It is rare in biology that a single trait can answer questions spanning several fields of research. One such trait is plant biology’s “leaf mass per area,” a simple measurement calculated by weighing a dried leaf and dividing by its original fresh area. Leaf mass per area, or LMA, which has been measured in thousands of studies, is used in nearly every field of plant biology to make predictions of many processes and properties such as leaf photosynthetic rates, nitrogen content and plant environmental preferences.
Babies in prams accompanying older siblings on the school run are twice as likely to be exposed to harmful air pollution in the morning than in the afternoon, a new study has found.
Climate projections for West Africa show that crop yields and grass for livestock grazing are likely to decline in the future. But a new study in the journal Global Environmental Change shows that when ineffective institutions and political instability limit investment in agriculture climate change would have greater impacts on regional food security.
West Africa is a major producer of crops such as cassava, millet, and sorghum but in the future, regional production may not be able to meet the growing demand for food and livestock feed. “How and to what extent the region’s agricultural sector develops in the future will have profound implications for the livelihoods of millions of people,” says IIASA researcher Amanda Palazzo, who led the study.
Iran can transition to a fully renewable electricity system and financially benefit from it by 2030. Researchers at Lappeenranta University of Technology (LUT) show that major oil-producing countries in the Middle East and North Africa (MENA) region could turn their abundant renewable energy resources into lucrative business opportunities in less than two decades.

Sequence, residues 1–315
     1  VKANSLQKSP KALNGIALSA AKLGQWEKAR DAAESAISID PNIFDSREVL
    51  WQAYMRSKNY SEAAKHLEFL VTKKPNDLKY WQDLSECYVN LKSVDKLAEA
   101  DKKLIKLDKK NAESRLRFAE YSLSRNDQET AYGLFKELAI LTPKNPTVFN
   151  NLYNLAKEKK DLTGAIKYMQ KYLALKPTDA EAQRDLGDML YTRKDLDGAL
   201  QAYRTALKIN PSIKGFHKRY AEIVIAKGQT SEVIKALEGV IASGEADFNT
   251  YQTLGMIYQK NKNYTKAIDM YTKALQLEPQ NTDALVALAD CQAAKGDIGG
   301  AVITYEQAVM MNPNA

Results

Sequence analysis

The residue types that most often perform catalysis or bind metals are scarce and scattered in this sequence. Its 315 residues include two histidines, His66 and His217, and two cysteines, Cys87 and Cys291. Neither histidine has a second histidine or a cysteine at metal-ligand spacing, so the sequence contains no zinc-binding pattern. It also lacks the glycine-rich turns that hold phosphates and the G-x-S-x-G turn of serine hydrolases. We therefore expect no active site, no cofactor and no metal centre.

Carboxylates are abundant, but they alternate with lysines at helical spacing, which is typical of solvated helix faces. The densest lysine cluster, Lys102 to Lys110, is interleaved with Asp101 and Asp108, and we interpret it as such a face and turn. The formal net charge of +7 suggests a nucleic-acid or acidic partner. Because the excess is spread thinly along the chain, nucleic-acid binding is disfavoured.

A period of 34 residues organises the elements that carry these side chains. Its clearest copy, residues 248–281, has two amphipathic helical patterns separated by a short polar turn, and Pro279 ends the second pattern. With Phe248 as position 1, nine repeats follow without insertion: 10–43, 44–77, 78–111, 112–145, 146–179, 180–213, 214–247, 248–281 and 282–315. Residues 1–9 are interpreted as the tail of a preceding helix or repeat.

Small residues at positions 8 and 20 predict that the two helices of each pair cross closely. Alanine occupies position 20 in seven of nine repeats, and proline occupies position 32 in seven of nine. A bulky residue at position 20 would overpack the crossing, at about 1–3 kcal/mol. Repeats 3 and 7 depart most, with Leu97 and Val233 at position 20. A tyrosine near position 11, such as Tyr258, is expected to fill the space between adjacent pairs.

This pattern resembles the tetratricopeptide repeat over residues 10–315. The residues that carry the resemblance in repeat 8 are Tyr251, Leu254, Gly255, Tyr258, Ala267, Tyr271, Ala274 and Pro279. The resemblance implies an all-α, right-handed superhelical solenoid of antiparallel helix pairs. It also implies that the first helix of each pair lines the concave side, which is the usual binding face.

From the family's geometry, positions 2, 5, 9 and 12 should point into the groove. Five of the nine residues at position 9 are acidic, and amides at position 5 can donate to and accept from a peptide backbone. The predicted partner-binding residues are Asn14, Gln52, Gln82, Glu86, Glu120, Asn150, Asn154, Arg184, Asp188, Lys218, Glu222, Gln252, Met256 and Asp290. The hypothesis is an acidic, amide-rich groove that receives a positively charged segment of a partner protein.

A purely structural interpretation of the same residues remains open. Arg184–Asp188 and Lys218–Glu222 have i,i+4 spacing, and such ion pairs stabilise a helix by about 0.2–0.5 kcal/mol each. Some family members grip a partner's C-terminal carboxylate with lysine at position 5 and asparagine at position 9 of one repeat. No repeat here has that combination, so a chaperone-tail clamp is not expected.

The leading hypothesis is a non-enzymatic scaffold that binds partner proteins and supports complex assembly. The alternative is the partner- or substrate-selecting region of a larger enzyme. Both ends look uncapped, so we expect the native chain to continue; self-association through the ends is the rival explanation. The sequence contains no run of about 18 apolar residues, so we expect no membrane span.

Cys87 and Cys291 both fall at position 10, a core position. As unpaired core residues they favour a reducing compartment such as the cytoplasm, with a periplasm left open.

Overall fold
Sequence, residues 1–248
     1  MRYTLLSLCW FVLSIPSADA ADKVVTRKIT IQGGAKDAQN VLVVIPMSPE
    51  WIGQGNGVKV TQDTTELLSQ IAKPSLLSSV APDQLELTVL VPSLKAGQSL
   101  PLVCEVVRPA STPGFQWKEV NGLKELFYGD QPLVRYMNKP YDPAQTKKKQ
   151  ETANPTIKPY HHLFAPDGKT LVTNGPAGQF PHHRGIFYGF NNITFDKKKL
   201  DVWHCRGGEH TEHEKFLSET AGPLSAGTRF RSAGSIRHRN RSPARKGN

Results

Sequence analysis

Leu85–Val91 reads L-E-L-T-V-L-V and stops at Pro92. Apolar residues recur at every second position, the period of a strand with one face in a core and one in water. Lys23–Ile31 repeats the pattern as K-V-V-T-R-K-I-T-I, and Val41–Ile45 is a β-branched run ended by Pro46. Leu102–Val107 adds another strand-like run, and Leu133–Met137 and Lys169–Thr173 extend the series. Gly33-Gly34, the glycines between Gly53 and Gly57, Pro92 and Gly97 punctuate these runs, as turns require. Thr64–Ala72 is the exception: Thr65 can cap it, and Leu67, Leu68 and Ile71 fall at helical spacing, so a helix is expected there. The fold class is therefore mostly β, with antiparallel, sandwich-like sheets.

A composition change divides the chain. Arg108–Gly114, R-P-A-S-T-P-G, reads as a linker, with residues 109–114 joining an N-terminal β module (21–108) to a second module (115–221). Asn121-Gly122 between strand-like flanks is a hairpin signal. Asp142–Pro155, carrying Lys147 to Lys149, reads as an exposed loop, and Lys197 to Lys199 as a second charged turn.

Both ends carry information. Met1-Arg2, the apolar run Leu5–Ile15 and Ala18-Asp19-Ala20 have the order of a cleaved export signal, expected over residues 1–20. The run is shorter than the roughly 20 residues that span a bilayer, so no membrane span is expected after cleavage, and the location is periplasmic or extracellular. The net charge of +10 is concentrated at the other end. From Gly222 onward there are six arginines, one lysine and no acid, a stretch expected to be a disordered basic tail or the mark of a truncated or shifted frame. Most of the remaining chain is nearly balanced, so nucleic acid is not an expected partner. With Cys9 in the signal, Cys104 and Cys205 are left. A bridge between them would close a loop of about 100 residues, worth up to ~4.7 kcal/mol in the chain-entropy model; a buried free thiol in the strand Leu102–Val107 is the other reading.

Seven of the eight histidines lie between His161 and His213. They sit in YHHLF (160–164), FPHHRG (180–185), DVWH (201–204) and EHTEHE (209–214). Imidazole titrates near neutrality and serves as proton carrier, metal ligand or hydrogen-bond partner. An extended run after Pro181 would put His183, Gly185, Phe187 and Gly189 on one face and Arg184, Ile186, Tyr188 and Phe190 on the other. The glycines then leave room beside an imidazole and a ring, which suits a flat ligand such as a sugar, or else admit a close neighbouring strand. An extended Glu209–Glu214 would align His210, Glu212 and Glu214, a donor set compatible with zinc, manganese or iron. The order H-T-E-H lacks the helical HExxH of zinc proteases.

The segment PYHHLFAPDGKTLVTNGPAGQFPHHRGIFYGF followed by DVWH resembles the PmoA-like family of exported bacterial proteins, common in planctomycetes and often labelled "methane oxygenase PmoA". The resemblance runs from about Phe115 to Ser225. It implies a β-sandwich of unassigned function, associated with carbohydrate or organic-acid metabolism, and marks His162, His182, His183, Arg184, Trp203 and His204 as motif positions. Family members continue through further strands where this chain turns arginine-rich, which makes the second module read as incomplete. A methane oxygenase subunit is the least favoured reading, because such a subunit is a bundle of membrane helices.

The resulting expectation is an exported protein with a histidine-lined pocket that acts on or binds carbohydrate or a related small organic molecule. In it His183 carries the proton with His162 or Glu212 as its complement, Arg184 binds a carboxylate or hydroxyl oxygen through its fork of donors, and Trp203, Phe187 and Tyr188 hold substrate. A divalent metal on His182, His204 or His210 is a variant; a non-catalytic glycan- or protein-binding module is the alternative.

Confidence in doctors, therapists and nursing staff leads to an improvement in subjectively perceived complaints, satisfaction and quality of life in patients. This is the conclusion of a meta-analysis by psychologists at the University of Basel, published in the journal PLOS ONE.
Plants are blooming early across the country as a result of this winter’s ongoing record warmth, which many connect to climate change. And some fear that an impending freeze could destroy countless fruit flowers and wreak havoc on the industry.
Chicago—a city well known for its windy and snowy winters—is experiencing some unusually warm weather. For the first time in 146 years, there was no documented snow on the ground in January and February, according to the local National Weather Service.
There have been many attempts to modify this stubborn little enzyme. But none have succeeded, until now. With new findings from Chalmers the enzyme FAS has started to produce sustainable chemicals for biofuels.
We are in great need of sustainable and clean alternatives to oil-derived products. One of the choices at hand is to produce chemicals and biofuels from sustainable biomass.
Scientists have long suspected that ice caps formed repeatedly in the tropical Andes during the late Pliocene, but only evidence of a single glaciation was known until now.
Despite recent changes to the growing season for plants in the Arctic, Alaska, caribou appear to have remained in sync with these changes over the last 30 years.
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